Alvord Desert Wilderness Study Area

The Alvord Desert and East Alvord Wilderness Study Areas are located approximately 70 miles southeast of Burns in Harney and Malheur Counties. The eastern side of the Alvord Desert WSA is about 5 miles southwest of Burns Junction. The nearest highway is U.S. Highway 95, which forms much of the eastern boundary of the Alvord Desert study area. The western edge of the Alvord Desert WSA is partially bounded by the county road which runs from Oregon State Highway 78, at Folly Farm (over 40 miles to the north), to Fields and Denio.

About two-thirds of the study area (on the east and south) is within the Vale District. All of the East Alvord WSA and the remainder of the Alvord Desert WSA are in the Burns District.

The Alvord Desert WSA contains 221,847 acres of BLM land. In addition, there are 70 parcels of estate lands totaling 29,213 acres. The WSA contains 34 parcels of private land that total 5,370 acres. The irregularly-shaped area is 37 miles long from east to west, and 20 miles wide, north to south, at the extremes, narrowing to 3 miles or less in three locations.

The East Alvord WSA contains 21,600 acres of BLM land. In addition, one parcel of split-estate land (640 acres) is in the study area. The area is roughly shaped, being widest in the north, narrowing in the center, and widening slightly again in the south. The area is 8.5 miles from north to south and 6.5 miles from east to west.

Roads and private land make up the boundaries of the two study areas. The northern boundary of the Alvord Desert WSA is formed entirely by BLM dirt roads, including the section of road which it shares with the East Alvord WSA. On the east, the boundary includes private land along legal subdivisions, U.S. Highway 95 and a small amount of land at the Rome airport. The southern boundary is a combination of private land, BLM dirt roads and the county road from Pueblo Valley to U.S. Highway 95 (the Whitehorse Road). The western boundary is formed along legal subdivisions with private land, a mile section of county road, a BLM road and a powerline.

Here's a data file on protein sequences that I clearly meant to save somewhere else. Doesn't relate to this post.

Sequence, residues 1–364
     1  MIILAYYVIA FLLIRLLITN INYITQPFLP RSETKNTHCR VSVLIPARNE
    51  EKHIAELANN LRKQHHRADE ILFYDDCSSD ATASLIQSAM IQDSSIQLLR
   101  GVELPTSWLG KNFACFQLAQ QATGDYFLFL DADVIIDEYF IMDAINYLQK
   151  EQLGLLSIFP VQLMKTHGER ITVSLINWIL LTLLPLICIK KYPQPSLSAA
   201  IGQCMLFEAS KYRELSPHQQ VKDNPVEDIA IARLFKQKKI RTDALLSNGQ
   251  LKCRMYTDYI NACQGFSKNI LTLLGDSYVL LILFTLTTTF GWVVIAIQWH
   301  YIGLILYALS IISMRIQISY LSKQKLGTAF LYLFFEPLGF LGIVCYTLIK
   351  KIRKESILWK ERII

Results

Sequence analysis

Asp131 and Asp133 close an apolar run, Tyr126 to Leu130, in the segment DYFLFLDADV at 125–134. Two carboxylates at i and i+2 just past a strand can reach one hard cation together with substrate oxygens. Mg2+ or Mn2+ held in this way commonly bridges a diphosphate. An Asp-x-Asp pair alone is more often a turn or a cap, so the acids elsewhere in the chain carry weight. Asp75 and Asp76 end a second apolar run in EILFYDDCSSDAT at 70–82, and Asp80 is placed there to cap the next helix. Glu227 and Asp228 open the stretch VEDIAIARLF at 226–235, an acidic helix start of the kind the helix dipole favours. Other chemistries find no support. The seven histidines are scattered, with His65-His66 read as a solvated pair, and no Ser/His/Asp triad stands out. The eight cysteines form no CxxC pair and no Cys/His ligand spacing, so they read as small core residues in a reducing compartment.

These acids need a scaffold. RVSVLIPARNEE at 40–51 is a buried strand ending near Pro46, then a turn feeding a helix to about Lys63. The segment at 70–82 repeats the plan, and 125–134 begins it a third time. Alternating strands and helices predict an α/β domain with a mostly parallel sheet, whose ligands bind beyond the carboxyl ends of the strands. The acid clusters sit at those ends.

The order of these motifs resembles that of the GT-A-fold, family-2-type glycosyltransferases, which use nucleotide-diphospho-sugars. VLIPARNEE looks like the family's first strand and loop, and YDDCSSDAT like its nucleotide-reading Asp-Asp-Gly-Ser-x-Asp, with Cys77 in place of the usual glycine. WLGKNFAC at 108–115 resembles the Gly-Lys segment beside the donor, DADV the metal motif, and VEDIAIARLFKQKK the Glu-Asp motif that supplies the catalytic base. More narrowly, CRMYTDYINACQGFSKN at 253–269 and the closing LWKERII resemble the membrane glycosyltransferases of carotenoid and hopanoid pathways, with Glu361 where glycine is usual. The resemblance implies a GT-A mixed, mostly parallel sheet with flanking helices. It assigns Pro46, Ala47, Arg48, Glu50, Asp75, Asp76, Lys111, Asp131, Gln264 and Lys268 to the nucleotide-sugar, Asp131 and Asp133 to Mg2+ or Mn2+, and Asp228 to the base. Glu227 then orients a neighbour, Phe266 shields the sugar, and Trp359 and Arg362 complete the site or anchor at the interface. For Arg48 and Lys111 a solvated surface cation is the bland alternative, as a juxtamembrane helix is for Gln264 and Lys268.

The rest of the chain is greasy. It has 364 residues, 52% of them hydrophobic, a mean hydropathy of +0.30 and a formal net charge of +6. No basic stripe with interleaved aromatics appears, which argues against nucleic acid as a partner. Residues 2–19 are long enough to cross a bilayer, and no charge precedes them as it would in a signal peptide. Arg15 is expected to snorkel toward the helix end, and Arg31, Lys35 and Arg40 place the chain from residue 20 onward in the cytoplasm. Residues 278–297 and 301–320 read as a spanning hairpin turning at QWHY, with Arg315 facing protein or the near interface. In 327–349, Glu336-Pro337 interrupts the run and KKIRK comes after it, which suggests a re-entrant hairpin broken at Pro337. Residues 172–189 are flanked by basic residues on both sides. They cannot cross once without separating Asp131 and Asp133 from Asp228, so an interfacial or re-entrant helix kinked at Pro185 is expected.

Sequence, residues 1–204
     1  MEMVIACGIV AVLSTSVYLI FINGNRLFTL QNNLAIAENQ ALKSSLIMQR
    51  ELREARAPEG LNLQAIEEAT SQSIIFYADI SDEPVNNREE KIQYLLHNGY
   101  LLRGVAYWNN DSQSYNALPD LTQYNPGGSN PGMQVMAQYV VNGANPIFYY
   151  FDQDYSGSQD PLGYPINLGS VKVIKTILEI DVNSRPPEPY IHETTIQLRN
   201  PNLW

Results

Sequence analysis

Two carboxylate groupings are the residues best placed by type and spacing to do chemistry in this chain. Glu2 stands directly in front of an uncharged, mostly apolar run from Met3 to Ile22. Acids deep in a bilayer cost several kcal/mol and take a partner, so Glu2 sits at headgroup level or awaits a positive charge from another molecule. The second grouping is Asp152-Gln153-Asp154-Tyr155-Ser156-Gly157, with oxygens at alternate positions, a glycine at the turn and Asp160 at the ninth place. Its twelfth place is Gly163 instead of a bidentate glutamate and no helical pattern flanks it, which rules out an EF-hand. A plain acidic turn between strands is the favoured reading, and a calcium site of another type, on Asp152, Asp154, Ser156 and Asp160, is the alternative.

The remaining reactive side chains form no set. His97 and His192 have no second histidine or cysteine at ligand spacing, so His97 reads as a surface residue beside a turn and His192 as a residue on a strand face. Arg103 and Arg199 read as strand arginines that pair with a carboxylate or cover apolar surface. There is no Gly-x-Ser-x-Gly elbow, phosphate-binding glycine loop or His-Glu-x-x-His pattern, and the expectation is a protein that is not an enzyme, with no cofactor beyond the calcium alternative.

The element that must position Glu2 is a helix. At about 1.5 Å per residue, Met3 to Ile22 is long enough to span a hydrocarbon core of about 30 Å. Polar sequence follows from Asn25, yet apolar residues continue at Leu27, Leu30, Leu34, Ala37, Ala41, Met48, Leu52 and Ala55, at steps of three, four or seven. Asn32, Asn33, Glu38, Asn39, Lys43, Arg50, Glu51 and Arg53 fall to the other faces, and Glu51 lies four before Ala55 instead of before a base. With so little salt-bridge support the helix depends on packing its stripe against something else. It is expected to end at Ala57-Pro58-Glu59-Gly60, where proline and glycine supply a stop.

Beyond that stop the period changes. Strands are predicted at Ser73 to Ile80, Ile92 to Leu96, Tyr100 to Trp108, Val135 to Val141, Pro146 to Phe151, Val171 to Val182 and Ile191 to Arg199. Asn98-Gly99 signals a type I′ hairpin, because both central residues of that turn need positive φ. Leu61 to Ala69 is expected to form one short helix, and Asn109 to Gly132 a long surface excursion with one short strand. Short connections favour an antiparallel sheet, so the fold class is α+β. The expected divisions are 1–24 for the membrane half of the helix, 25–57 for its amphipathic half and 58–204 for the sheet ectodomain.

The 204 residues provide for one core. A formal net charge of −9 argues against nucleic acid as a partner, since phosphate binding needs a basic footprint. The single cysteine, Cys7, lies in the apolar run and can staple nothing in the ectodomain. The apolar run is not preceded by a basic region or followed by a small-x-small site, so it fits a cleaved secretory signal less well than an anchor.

With the exception of one small parcel of private land, the boundary of the East Alvord WSA is formed entirely by BLM dirt roads.

Also forming part of the boundary of the Alvord Desert study area are seven dead-end roads, totaling 15.5 miles, which enter the WSA. Four of these dirt roads enter the WSA from the northern boundary while three enter the area from the south. There are no dead-end roads penetrating the perimeter of the East Alvord WSA.

The two are within an area of closed drainage basins and desert plateaus. The Alvord Desert WSA consists of a prominent basin and a desert plateau lying east of the ridge of Steens Mountain. The dominant feature of the study area is the Alvord Desert. The desert is a large (more than 35 square miles within the WSA), clay-bottomed which catches seasonal runoff from the east side of the Steens, but is generally dry for nearly two-thirds of the year. The was flooded year-round from 1982 through 1985 due to unusually high snowpack in the Steens Mountain and subsequent runoff; since then it has only been seasonally flooded.

Also within the basin on the east side of the is a substantial area of sand dunes containing both shifting and stabilized dunes. The basin, including the dunes, covers the western quarter of the WSA and, at 4,000 feet elevation, is the lowest point within the study area.

Directly east of the Alvord Basin is a large, steep, west-facing escarpment which rises to a plateau and forms part of the basin’s boundary. The plateau is the highest point within the study area, reaching an elevation of 4,974 feet. East of this escarpment, the plateau slopes gently toward the east for a distance of about 11 miles. This area of relatively gentle topography is broken only by a long, rocky rim which forms the southern edge of the plateau. Farther to the east, Coyote Lake is the major feature of the landscape. It is somewhat smaller than the Alvord and, like the Alvord, is usually dry. East of Coyote Lake is the Barren Valley portion of the WSA. The topography here is flat to gently rolling with only a few rounded ridgelines and shallow drainages to provide diversity to the landscape.

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Leave No Trace

Please follow the regulations in place for this area, and use Leave No Trace techniques when visiting to ensure protection of its unique natural and experiential qualities. How to follow the seven standard Leave No Trace principles differs in different parts of the country (e.g. eastern Oregon vs. western Oregon). Visit to learn more about the principles listed below and how they apply.

  1. Plan Ahead and Prepare
  2. Travel and Camp on Durable Surfaces
  3. Dispose of Waste Properly
  4. Leave What You Find
  5. Minimize Campfire Impacts
  6. Respect Wildlife
  7. Be Considerate of Other Visitors